4) Relevance for today/questions for discussion
As we know, the official orthodox view of Jesus is neither Cyril’s only nor Nestorius’, but a “kind of compromise between their two views that was carved out after their deaths.”[33] It is very easy for us today to agree with most of our Theology/History books on the condemnation of Nestorius as a heretic. However, there are so many factors involved in this Christological controversy that to accept the final report of the councils, without a personal analysis of all the issues that it raises, would be considered too simplistic.
Today more than ever, we cannot close our eyes to what modern historical scholarship has uncovered about Nestorius’ heresy or orthodoxy. We need find an answer to the question: “Was Nestorius a Nestorian?” In an article published in the journal Church History, called “Modern Interpretations of Nestorius,”[34] Carl E. Braaten challenge theologians not to accept passively what has been written over the years about Nestorius, without digging more deeply into the facts.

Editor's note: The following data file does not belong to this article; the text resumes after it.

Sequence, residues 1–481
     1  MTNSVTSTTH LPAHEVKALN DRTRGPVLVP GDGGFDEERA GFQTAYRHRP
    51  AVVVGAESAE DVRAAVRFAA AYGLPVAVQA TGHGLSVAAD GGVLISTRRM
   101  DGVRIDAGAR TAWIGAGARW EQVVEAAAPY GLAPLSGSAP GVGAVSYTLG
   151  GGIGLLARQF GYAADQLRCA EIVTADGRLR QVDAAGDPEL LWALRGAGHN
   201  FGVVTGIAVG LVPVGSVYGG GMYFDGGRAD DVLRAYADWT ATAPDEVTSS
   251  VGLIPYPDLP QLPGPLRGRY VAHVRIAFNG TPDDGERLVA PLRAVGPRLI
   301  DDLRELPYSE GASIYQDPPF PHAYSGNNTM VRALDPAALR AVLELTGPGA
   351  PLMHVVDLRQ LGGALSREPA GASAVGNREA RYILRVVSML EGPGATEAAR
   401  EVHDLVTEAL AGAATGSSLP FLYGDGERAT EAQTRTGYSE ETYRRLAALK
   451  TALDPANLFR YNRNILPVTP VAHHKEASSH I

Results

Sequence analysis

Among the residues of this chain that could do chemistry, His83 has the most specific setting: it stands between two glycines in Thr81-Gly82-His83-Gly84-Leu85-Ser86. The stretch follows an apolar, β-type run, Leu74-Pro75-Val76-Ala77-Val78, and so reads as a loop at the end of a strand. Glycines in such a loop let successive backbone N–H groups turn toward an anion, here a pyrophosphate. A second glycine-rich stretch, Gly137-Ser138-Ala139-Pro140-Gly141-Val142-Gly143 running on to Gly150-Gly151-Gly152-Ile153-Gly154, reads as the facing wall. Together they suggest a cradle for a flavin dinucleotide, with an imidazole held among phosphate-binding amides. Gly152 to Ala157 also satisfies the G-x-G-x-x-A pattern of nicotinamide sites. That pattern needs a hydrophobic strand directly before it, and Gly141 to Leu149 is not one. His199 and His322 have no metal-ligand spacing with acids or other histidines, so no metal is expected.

“Orthodoxy owes a profound debt of gratitude even to the heretics, and modern christologists are especially grateful to the School of Antioch and Nestorius for having fought successfully the fight for the complete humanity of the biblical Christ. It anticipated the final death blow to every kind of docetism and all traces monophysitism which only in our century has become virtually complete.”[35]

In light of the above:

What are the implications of a bad Christology? How important it is for one’s salvation?

Is the term “Theotokos” sound in its all implications? Does the concept of “Theotokos” lead to Mariolatry or any other kind of idolatry?

For each Council studied so far, there was a political agenda behind it. It was not different in Ephesus. How credible are the decisions made in those councils?

What is the legacy of the Christology of the fifth century?
[1] Greek sources later tended to locate his birth in Alexandria. (McGuckin, p.2)
[2] Daniel A. Keating, The Appropiation of Divine Life in Cyril of Alexandria (Oxford University Press, New York), p. 2.
[3] John A. McGuckin, St. Cyril of Alexandria The Christological Controversy (E.J. Brill, Leiden, New York, 1994), p. 4.
[4] Ibid. 5-6.
[5] Lionel R. Wickham, Cyril of Alexandria Selected Letters (Oxford University Press, New York, 1983), p. xiv.
[6] Susan Wessel, Cyril of Alexandria and the Nestorian Controversy The Making of a Saint and of a Heretic (Oxford University Press, New York, 2004), p. 16.
[7] Ibid.
[8] As their drunken escalated, the Syrian Jews purportedly seized a Christian boy, bounded him to a cross and scourged him to death. (Wessel, p. 33)